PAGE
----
The Malawi Competition and Fair Trading Commission (MCTFC) has instituted investigations against the Minibus Owners Association of Malawi (Moam) on minibus fare hikes.
MCTFC acting executive director Wezi Malonda argues that Moam contravenes the law in raising fares whenever fuel goes up.
â€œIt has come to our attention that there appears to be a matter of possible violation under Section 32 (1) and 34 (1) b of the Competition and Fair Trading Act, Cap 48:09 of the laws of Malawi in relation to restriction and distortion of competition and price fixing in the minibus transport sector after the devaluation and increase of fuel prices,â€ she explained.
Malonda noted that the Commission is mandated under the Competition and Fair Trading Act to ensure that there is fair trading between traders and consumers in all market segments in Malawi.
She said the conduct by Moam appears to be in contravention of the Act which is anti-competitive and restrictive business practices.
â€˜Owners should set own priceâ€™
MCFTC director of mergers and acquisitions Richard Chiputula said Moam is not even supposed to regulate the minibus fare, arguing that under the Competitions and Fair Trading Act that is illegal.
â€œEach operator is supposed to set their own prices based on their own costs of production. Any process of discussion among business operators to adjust prices is prohibited. The idea is to encourage competition and not collusion because if there is collusion, it is the consumer who suffers and in this case, minibus passengers,â€ he said.
Efforts to reach Moam secretary general Coaxley Kamange proved futile as his phone could not be reached.
But Consumers Association of Malawi (Cama) executive director John Kapito said most traders have taken advantage of the recent fuel price rise to hike fares, tariffs and prices of various goods and services without any regard to consumersâ€™ welfare.
He said Moam is not supposed to raise fares anyhow as its existence is in the hands of consumers.
â€œThe fact that consumers have no alternatives now in terms of transportation should not be a passport for anybody to take advantage of the many poor masses by introducing unfair business practices as Moam is doing.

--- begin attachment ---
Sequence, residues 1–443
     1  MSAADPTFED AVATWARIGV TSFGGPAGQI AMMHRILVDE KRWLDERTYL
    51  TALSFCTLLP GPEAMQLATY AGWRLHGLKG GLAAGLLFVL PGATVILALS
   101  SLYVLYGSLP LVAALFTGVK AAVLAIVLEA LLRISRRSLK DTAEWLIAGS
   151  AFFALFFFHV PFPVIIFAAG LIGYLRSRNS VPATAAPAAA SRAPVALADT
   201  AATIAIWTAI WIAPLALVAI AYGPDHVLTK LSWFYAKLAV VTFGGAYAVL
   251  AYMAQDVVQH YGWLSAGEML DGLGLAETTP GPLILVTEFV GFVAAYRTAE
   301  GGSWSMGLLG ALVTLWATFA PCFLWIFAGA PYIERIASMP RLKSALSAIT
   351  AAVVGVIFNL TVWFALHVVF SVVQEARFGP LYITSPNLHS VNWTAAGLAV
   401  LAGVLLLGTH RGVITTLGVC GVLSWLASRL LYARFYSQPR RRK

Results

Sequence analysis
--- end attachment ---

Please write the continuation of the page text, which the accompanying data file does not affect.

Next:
â€œIf government had initiated other modes of transportation to assist the many poor people and if we had an effective commission on competition and fair trade, all these issues would have been regulated and controlled,â€ he said.
Kapito noted that Malawians are lucky to have many bodies and policies established under the Competition and Fair Trading Act whose role is to protect consumers from traders, but argued that these bodies are weak in structure and articulation of what they are supposed to be doing.
â€œThese are bodies that have decided to simply become paper institutions, useless and irrelevant for the purposes they were established and they continue to be weak at a time consumers need them most as they are much distanced from the very same people they are supposed to protect,â€ he said.
Kapito argued that both the Consumer Protection Law and Competition and Fair Trading Act have the components that would have mitigated the current challenges being faced by consumers.
â€œThese are two key laws that as consumersâ€™ body we lobbied heavily and ensured that they are passed by Parliament, but their operations have been very poor and therefore the two have not assisted the consumer, especially now in these difficult times,â€ he said.